Investigation: # 03MI052
Farm Youth Died When He Became Entangled in an Unguarded PTO Shaft
|Figure 1. Clothing entangled on bolt on PTO tractor stub shaft|
On Friday, May 23, 2003, a 13-year-old male farm youth was killed when he became entangled in an unguarded powered take-off (PTO) shaft. MIFACE researchers were informed of the farm work-related fatality by a newspaper clipping. On September 17, 2003, MIFACE researchers interviewed the youth’s father and viewed and photographed the tractor and hay rake involved in the incident. During the course of writing this report, the medical examiner’s report, death certificate, and police department report were obtained. Figures 1-3 and Figures 5-6 are photographs taken at the scene by the responding sheriff’s department. Figure 4 and Figure 7 were taken at the time of the MIFACE farm visit.
The family dairy farm has 300 head of livestock and approximately 200 acres planted with hay. The victim was born and raised on the farm and, according to his father, was very experienced running farm equipment. His father had been a farmer for approximately 40 years. The family has a business arrangement with the property owner where the incident took place. The property owner furnishes the forage crop, and the victim’s family is responsible for harvesting. They split the profits. The victim had previously attended 4-H tractor safety classes, and according to his father, had “passed with flying colors”. The farm did not have a written health and safety plan. Both tractors used in this incident were purchased “used” and did not come equipped with the PTO master shields.
The victim had stayed home from school on the day of the incident because of a halter that was too tight on one of his heifers. Later in the day, he and his cousin began raking the hay in a field that had been cut a few days earlier on an adjoining property. The victim was using a late 1940’s Farmall Model M tractor. (See Figure 2) His cousin was using a 1953 Model Farmall tractor. Both tractors were being operated at the time of the incident without the PTO master shield in place.
Each tractor was equipped with a non-PTO powered hay rake attached to the tractor drawbar. Both tractors had a board placed along the drawbar frame to assist in climbing on and off of the tractor. The tractor was normally mounted and dismounted by climbing on/off at the rear of the tractor instead of the side. The distance between the drawbar and the ground was approximately 18 inches. On the victim’s tractor, there was a chain wrapped around the tractor axle. The axle was approximately 21 inches from the ground. To step out from the tractor seating area to outside of the drawbar was 22 inches. (See Figure 3)
Figure 2. Tractors parked at incident site
Figure 3. Board, chain and rake attachment on victim’s tractor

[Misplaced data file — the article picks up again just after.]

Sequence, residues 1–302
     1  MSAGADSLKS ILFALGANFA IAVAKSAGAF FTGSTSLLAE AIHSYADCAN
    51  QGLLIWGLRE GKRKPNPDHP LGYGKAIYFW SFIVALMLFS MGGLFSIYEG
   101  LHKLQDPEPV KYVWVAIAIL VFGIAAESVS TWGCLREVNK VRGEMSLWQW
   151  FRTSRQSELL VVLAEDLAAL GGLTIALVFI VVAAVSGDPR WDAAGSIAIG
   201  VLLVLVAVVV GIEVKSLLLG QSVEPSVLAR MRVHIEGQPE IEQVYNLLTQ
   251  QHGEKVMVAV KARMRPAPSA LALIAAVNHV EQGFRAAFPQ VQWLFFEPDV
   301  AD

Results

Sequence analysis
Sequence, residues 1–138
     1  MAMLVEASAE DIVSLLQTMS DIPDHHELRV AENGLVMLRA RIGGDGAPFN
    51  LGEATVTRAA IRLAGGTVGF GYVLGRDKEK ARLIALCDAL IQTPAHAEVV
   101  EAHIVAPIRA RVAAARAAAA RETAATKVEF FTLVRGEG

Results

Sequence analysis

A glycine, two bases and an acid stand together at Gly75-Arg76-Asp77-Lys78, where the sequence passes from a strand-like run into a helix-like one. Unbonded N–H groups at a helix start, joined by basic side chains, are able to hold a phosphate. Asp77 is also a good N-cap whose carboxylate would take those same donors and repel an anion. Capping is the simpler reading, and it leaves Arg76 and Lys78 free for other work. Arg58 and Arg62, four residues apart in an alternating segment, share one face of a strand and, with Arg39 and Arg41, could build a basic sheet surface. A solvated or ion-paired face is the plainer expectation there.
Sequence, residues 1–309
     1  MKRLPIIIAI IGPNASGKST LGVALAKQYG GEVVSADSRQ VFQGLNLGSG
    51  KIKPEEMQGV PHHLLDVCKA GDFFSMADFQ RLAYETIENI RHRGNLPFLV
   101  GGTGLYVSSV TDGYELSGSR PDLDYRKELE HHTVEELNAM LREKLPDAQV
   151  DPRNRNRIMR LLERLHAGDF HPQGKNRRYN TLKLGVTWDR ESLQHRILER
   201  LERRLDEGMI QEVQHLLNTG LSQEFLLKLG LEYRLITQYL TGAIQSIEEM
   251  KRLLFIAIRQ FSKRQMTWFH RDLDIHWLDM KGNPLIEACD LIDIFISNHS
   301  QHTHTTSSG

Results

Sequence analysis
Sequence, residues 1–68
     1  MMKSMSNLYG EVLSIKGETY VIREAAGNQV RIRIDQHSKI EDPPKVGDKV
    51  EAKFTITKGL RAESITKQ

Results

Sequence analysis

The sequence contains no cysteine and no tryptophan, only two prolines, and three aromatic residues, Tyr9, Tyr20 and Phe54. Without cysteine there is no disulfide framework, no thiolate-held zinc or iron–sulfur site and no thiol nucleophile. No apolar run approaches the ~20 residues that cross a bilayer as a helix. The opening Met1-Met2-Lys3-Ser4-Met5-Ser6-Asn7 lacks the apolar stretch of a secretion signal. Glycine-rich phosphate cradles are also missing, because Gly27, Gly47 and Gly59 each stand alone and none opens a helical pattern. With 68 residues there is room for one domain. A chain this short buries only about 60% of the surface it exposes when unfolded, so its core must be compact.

The tractor the victim’s cousin was operating did not have an owner-modified extension PTO extension lever. The PTO activating lever on this tractor was located on the operator’s left at the rear of the seat. (See Figure 4) To operate the power take-off with the tractor standing still, the gearshift lever must be in neutral position. The operator must disengage the clutch and pull the power take-off shifter rod all the way up, then slowly engage the clutch. The original shifter rod required that the tractor operator turn around while in seated and pull up on the lever to activate the PTO. Note: The victim’s father mounted PTO master shield seen in Figure 4 after the incident.
The victim’s tractor had an owner-modified extension lever to activate the 540-rpm PTO (See Figure 5). The victim’s father added an aftermarket extension lever to activate the PTO because the PTO shaft was worn when the tractor was purchased. (See Figure 5) The aftermarket extension located allowed the operator to activate the PTO without turning around. The extension attached to the original lever extended to a pivot point at the top of the axle housing and then extended under the seat. This lever handle was approximately a one-half inch diameter steel rod with an aluminum pop can that was used as a handle over the end. To engage the PTO, the extension lever must be pushed forward. The PTO replacement parts were at the farm but had not yet been installed. The victim’s cousin’s tractor did not have the extension lever.
Figure 4. Original PTO engagement configuration
Figure 5. Owner-modified PTO extension lever
The PTO shaft on the victim’s tractor had a six-inch extension bolted to the original shaft with a 5/16-inch bolt that protruded from the shaft by about 1-¼ inches. (See Figure 6) According to the police report, the PTO master shield had been missing for an extended period of time as evidenced by the buildup of dirt and grease around the anchoring bolts.
The victim, wearing a sweatshirt and long pants, and his cousin had been working in the field for less than one hour. The ground was fairly flat and the ground surface was dry. The victim had completed his last row and had driven the tractor to the barn to wait for his cousin to finish his row. It is unknown if the PTO was in operation while the victim was raking; there wouldn’t have been a reason for the PTO to be engaged.
Figure 6. Unguarded PTO extension bolt